Todd is on top of online trends in her other role: president of Search Engine Marketing Professional Organization, the top industry lobby for search firms. As a speaker and exhibitor at ad:tech New York, she saw more investment than speculation.
"Money is money," she said. "We spent a lot of money in 1999 doing a lot less. This time 'round, we're not buying foosball tables -- we're sinking it into brains and innovation. Yes, there are probably some dogs out there, but investors are a lot smarter now and ask the right questions. There seems to be a new level of honesty in the discussions I have with colleagues. There's less puffery and more earnest dialogue about making real change in the way things are done."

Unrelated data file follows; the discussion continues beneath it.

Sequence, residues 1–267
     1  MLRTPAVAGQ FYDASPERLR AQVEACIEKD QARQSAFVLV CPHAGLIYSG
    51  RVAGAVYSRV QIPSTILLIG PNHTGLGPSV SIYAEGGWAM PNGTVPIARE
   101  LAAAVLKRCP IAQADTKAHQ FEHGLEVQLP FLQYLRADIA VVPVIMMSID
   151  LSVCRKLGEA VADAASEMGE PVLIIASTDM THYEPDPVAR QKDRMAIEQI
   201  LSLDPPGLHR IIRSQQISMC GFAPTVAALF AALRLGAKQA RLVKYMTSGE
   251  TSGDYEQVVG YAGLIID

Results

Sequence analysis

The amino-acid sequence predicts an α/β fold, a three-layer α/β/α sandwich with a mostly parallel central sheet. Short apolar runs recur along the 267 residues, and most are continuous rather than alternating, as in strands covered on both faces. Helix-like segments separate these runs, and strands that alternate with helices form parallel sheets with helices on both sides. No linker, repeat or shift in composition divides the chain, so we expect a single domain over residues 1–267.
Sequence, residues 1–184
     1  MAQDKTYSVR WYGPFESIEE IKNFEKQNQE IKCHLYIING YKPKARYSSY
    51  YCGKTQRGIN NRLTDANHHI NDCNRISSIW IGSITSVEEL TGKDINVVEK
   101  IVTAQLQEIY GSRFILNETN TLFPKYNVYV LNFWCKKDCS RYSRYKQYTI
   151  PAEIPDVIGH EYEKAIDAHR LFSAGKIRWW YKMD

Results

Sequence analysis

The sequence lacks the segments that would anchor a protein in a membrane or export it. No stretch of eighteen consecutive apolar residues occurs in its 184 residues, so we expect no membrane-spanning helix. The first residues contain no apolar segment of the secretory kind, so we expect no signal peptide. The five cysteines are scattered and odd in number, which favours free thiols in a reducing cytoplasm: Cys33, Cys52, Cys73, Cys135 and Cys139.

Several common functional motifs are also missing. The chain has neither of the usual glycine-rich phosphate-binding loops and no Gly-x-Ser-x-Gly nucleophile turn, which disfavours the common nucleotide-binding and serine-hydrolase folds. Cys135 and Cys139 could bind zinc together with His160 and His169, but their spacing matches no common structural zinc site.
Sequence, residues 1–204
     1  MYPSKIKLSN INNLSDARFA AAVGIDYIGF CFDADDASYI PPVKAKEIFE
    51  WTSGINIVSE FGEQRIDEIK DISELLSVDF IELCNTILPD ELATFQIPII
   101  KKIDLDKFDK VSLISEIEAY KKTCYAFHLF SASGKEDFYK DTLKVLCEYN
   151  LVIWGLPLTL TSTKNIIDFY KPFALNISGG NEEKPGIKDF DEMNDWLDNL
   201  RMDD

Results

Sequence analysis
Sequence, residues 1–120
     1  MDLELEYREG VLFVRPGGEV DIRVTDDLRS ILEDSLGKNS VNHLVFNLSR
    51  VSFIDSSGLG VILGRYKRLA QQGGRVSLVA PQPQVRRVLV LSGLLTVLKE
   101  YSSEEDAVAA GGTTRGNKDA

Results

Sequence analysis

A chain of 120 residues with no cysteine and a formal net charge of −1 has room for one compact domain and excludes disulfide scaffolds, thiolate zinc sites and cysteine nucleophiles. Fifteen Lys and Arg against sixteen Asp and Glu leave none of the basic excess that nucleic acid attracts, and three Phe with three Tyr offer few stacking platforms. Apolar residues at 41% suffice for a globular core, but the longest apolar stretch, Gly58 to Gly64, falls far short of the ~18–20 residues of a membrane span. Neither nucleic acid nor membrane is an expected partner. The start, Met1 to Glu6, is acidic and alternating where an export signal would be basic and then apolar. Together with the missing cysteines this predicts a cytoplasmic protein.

Balanced program. The final of three ad:techs nationwide this year, ad:tech New York certainly lived up to the series' theme: "The Age of Engagement." After hours, delegates networked at parties thrown by Tribal Fusion, WhenU, Miva and DM News. The ad:tech awards ceremony, however, flopped for lack of attendance.
This year's agenda focused on managing customer touch points across all marketing tactics, online brand reputation, mobile marketing, RSS, branded entertainment, rich media and broadband, the evolution of television advertising, publishing issues and word-of-mouth marketing.
"Thematically, ad:tech had been heavily focused on search three years back, contextual the year after and behavioral just last year," said Adam Glantz, director of product marketing for Web publishing at Vendare Media, New York.
Search, and certainly e-mail, failed to dominate the show. Instead, the focus on online strategy, tactics and vehicles was more balanced.